Every year, every region of New York battles for a finite number of state dollars, but for several reasons that struggle is even more prevalent this coming legislative session than years past.

"The equitable distribution of resources between downstate and upstate is a priority of mine and it has been for many years,” said state Senator Tim Kennedy, D-Buffalo. “Now we're looking forward to taking these initiatives head on and we're looking forward to coming up with strong solutions for these issues.”

Democrats now control both houses of the state Legislature and the governor's office. In geographic terms, that means power is essentially consolidated to New York City and Long Island.

"We are the center of the global economy," Kennedy said. "The financial center of the universe is New York City."

The governor already has signaled funding New York City's crumbling Metropolitan Transportation Authority subway system will be a priority. However, Kennedy, a Western New Yorker, is the new chairman of the influential state senate Transportation Committee.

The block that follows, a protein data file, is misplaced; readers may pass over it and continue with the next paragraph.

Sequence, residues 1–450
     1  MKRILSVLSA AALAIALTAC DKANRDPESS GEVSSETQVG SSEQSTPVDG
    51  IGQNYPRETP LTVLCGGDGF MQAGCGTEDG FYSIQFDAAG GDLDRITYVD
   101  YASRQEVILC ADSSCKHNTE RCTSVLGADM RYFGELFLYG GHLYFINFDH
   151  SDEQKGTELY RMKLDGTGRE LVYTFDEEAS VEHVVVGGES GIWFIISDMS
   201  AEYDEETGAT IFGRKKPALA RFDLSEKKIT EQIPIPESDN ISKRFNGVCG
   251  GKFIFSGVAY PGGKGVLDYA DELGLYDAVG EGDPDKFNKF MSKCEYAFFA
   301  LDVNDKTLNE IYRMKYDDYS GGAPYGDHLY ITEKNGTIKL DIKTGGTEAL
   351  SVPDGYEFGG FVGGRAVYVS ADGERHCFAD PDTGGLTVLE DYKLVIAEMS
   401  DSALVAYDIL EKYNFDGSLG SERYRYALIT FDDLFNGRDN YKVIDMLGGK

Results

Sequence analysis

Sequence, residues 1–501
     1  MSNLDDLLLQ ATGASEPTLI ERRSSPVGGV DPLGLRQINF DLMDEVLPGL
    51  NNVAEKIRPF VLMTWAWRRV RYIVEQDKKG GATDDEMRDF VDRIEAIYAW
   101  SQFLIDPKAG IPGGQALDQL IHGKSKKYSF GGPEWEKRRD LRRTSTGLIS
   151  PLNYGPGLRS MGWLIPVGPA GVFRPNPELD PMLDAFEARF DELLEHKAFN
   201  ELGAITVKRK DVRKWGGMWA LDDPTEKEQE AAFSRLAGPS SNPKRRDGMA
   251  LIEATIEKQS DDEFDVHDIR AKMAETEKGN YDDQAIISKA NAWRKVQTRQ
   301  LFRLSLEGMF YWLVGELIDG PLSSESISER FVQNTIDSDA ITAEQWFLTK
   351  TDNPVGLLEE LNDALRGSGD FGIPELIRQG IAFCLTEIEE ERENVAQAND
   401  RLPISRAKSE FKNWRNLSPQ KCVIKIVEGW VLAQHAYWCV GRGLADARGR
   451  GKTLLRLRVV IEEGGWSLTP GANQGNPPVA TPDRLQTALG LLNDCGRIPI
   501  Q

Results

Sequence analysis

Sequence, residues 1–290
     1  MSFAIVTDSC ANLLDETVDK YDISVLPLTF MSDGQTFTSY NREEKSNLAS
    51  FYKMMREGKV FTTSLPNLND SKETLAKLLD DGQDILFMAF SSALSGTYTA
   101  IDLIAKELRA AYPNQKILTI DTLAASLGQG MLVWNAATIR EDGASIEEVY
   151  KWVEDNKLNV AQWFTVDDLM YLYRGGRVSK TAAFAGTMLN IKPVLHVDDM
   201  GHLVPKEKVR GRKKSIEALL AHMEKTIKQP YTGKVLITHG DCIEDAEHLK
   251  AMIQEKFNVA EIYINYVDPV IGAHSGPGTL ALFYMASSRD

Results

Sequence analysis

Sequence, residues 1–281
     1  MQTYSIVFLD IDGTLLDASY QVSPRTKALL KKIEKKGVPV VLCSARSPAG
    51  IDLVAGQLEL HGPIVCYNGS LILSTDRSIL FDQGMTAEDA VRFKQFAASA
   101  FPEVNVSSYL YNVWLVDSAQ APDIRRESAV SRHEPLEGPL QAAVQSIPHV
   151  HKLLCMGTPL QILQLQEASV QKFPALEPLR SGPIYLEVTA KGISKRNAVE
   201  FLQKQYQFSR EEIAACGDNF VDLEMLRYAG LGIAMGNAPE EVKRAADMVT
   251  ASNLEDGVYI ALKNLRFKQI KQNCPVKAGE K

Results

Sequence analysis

"To have an upstater in the position of Transportation chair, I think it not only is a demonstration that the people in Albany and the leadership are listening to the needs of our community, but it shows that we in Western New York are taken seriously and upstate is going to have a voice, not only at the table but at the front of the table," he said.

Kennedy said making sure upstate and Western New York get their fair share remain his number one priority.

"Region 5, which represents Erie, Niagara, Cattaraugus and Chautauqua County, we believe has unfortunately been cut out of a lot of transportation funds that we have had to fight to not only restore but then maintain," he said.

But he said he recognizes the importance not only of the subway but the Metro North System and the Long Island railway toward supporting the state's economy and the more than 50 million tourists who visit New York City every year.

"Public transportation is essential and we have to make sure that it's properly funded, that these agencies have the right amount of resources in order to keep the trains running on time, keep the buses moving and moving people effectively," Kennedy said.

The new chairman also pointed out the transportation deals with roads, bridges, waterways and other forms of infrastructure, all of which are important.